Sunday, 25 May 2008

Wolf Parade – At Mount Zoomer

The follow up to the massively acclaimed debut Apologies to the Queen Marry, At Mount Zoomer is a highly anticipated album this year in indie circles, well at least the ones reading Pitchfork and Drowned in Sound. Wolf Parade came out of the blue with their debut album and it grew to be a massive hit. It grew on me a lot in the coming years; I still play it on and off now, but now onto the follow up At Mount Zoomer.

This leaked quite some time ago now and I decided to withhold judgment on it until I had listened to it quite a few times. This was for a few reasons, one being that Wolf Parade have never been immediate to my ears. Also maybe not many people care what I think.

At Mount Zoomer has the usual Wolf Parade sound of echo drenched vocals and lonely yet full of life instrumentation. There is a ye olde feel to most of these songs that I think comes from the feel of the vocals. The tunes aren’t as high octane and energetic as they were on Apologies to the Queen Marry. Wolf Parade have matured a little and smoothed at the edges, maybe even gone a little progressive rock well not quite but hay who knows, as yet I am undecided if this is good or bad. The album doesn’t hit me right between the eyes as a classic right away, but then as I said before the debut didn’t either and I have grown to love it very much.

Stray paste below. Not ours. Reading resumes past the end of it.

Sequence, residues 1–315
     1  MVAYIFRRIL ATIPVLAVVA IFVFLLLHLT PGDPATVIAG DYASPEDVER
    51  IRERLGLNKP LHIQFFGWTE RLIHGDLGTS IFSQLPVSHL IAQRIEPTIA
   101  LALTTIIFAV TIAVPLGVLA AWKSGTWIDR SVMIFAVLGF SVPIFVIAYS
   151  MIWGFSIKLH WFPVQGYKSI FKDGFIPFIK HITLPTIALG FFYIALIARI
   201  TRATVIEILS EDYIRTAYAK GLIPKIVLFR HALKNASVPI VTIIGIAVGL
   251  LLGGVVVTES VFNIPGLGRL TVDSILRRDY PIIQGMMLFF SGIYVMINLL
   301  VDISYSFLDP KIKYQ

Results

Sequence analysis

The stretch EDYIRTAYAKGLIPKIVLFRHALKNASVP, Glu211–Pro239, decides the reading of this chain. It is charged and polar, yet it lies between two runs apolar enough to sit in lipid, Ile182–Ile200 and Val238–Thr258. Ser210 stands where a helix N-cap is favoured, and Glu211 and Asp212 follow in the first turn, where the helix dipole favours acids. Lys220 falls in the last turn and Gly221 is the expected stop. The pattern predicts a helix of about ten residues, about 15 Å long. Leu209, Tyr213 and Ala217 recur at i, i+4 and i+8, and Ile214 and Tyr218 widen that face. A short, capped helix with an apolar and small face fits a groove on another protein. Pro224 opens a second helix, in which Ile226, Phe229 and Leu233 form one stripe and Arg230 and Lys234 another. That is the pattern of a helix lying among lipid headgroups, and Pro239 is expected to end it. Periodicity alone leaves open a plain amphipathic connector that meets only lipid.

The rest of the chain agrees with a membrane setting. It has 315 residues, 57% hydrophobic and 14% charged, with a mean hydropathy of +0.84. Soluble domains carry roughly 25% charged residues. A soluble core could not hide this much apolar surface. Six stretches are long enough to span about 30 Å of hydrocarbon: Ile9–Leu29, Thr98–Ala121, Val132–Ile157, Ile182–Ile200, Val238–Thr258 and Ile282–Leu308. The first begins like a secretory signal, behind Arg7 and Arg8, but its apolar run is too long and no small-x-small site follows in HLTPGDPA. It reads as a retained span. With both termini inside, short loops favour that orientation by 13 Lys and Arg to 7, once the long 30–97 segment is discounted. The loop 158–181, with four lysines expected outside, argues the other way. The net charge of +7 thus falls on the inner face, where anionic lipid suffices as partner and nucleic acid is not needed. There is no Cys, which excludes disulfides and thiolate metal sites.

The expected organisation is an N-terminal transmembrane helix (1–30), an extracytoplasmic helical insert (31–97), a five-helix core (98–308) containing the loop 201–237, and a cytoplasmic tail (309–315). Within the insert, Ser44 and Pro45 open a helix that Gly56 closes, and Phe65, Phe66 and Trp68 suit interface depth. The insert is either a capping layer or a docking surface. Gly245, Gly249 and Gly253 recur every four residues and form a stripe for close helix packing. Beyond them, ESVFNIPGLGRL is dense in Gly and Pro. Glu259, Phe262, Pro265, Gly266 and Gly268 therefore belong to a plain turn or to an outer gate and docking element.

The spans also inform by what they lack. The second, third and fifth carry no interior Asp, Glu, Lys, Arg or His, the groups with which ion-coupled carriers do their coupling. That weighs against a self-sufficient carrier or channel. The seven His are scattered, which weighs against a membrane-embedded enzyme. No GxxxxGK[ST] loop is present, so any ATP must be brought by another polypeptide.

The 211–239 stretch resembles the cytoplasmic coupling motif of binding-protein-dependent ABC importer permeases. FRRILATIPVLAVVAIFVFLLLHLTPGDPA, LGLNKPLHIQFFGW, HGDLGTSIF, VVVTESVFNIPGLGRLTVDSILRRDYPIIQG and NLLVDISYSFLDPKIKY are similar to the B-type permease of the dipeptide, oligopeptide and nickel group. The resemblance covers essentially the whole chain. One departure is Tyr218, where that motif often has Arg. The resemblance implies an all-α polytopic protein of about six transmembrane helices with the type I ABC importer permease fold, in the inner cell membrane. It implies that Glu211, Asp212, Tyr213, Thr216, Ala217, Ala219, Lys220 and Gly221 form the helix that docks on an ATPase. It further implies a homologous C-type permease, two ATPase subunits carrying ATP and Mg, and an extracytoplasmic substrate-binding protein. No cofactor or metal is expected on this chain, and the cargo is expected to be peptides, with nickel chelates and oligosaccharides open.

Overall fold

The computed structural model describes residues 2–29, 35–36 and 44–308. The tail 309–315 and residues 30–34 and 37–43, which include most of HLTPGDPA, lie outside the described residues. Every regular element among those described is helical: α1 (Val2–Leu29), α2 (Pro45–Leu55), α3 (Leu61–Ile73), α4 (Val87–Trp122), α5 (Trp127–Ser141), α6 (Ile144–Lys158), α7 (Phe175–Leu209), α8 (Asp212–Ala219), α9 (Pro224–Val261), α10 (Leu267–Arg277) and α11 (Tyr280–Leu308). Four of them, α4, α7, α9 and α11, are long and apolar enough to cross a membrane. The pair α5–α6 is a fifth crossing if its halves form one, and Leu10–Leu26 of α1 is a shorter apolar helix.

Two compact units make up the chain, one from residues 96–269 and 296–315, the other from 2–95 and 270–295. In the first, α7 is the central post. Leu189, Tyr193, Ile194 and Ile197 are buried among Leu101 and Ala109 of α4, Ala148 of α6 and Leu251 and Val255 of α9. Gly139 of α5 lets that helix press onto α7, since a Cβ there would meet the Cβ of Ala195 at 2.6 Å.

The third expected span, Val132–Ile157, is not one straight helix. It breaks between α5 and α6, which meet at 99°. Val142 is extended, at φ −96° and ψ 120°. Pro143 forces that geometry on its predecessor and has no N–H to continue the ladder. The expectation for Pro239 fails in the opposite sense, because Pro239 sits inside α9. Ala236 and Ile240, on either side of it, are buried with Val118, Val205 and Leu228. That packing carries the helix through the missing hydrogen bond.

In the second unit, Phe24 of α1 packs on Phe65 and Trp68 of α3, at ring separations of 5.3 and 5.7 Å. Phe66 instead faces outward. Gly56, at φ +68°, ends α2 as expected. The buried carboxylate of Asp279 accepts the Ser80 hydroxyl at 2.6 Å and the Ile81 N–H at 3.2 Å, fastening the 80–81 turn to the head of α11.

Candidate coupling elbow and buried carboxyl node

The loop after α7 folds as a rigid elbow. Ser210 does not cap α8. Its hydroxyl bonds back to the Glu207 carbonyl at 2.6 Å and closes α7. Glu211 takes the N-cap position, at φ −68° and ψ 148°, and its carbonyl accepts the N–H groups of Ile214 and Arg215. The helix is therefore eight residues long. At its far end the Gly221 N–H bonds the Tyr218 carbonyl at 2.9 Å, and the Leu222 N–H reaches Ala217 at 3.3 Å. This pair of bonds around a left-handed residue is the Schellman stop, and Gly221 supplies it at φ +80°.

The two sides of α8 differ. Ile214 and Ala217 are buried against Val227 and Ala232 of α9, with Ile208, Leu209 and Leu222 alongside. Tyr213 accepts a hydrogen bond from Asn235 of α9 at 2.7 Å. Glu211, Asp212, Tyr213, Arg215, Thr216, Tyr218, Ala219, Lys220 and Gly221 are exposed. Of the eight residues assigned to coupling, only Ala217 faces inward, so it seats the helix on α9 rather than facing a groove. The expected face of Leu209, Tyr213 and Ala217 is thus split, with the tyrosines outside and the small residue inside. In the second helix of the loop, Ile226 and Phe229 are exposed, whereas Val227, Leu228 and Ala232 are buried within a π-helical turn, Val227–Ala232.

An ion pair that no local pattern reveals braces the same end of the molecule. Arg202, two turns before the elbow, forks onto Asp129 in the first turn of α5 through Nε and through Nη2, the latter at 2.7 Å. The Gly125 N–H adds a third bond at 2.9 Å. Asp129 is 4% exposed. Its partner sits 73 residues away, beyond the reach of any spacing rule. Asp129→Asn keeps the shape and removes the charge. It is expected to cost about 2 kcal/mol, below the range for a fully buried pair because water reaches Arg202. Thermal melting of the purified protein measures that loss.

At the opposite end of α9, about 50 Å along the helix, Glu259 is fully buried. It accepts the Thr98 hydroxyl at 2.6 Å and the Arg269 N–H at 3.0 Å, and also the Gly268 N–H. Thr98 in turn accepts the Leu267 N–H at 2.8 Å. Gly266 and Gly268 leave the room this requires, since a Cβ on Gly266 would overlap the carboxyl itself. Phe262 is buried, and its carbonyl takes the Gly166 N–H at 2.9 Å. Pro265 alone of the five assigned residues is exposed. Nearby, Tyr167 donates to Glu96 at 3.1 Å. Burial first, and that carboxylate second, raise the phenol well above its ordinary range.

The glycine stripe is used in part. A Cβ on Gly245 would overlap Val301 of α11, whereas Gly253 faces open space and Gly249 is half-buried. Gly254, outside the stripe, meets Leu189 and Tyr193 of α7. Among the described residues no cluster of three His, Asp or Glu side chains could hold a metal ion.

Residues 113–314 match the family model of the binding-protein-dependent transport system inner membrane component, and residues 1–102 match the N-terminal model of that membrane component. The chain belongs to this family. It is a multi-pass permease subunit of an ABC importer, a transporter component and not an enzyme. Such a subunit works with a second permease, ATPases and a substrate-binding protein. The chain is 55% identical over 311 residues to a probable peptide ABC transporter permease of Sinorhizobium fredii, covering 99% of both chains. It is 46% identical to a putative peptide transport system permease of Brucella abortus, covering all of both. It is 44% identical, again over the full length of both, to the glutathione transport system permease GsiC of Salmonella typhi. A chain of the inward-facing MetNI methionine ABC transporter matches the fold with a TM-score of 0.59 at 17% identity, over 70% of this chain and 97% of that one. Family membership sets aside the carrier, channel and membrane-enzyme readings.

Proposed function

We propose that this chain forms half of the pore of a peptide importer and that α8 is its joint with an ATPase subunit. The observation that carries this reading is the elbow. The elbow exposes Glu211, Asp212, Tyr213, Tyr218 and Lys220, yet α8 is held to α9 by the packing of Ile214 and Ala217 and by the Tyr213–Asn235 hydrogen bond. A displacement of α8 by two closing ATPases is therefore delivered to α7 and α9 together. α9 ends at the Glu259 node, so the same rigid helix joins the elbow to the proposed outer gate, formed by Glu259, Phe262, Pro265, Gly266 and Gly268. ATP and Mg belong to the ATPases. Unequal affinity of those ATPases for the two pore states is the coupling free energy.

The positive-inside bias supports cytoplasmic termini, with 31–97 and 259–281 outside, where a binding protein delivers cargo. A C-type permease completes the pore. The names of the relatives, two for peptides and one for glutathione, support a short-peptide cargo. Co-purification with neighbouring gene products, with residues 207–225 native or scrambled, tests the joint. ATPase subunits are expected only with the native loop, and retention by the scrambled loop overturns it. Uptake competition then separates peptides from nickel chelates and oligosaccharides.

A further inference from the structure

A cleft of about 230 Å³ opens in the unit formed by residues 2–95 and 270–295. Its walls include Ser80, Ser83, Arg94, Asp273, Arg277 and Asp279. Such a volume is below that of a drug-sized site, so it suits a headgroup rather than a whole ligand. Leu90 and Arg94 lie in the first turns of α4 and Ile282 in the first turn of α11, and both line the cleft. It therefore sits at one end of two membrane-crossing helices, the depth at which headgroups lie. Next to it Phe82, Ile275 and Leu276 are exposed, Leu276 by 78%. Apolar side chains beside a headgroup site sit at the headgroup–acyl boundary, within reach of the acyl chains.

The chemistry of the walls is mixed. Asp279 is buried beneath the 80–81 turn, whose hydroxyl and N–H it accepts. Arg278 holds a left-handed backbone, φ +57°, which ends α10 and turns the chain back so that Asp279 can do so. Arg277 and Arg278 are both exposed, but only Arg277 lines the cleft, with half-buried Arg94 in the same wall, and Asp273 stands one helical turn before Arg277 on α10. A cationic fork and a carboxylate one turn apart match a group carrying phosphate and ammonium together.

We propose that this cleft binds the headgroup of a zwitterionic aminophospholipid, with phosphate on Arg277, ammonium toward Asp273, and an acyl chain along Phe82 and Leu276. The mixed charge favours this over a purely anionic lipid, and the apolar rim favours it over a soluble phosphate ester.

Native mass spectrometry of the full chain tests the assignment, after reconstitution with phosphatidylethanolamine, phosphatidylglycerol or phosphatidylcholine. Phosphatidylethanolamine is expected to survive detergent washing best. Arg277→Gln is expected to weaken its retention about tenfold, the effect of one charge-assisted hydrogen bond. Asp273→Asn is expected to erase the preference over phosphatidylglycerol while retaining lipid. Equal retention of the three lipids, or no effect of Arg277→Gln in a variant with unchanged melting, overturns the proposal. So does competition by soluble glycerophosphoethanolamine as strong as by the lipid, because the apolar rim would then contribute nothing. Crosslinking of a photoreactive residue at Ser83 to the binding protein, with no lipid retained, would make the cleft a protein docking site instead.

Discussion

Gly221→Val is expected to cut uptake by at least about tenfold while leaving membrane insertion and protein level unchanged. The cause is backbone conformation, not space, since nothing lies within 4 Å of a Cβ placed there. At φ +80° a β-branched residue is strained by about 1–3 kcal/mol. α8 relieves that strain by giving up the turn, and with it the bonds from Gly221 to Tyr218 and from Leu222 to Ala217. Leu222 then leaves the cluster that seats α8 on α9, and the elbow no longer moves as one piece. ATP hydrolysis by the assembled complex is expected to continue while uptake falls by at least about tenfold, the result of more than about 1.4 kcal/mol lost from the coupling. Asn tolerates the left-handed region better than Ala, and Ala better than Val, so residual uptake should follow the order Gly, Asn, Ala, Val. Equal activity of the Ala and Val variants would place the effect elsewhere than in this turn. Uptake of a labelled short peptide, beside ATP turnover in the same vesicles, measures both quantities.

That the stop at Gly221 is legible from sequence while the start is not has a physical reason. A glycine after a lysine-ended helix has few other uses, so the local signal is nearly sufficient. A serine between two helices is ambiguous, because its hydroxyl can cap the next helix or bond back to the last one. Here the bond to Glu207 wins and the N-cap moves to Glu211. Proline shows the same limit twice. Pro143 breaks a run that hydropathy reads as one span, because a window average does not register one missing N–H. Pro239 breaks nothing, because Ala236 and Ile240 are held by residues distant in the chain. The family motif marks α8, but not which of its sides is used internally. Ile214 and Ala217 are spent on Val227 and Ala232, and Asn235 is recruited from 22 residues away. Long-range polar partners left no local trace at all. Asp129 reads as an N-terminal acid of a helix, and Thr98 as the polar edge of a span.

The stand out tracks so far for me are the recently put up for download number Call it a Ritual, Language City, California Dreamer, Fine Young Cannibals, An Animal In Your Care and Kissing The Beehive, I don’t know if this means I’m a Spencer Krug or Dan Boeckner man and quite frankly who cares. The album is full of really good songs and non of them disappoint at all, the epic number Kissing The Beehive ends it all in grand style.

At Mount Zoomer will no doubt please many Wolf Parade fans it’s not a huge departure and no one really wanted a departure either. The front cover makes me chuckle for some reason it kind of looks bad but in a good way, it maybe sums up my feeling on this album I’m not sure. I’m a little under whelmed by it all, but then a slow burner can make you love it in years to come. It’s a beautiful piece of work to add to the brilliant back catalogue. Songs to make you feel like you’re in the wilderness all alone except for your very tired best mates who happen to be in an ace indie band from Canada, laid back and opening a beer wearily.

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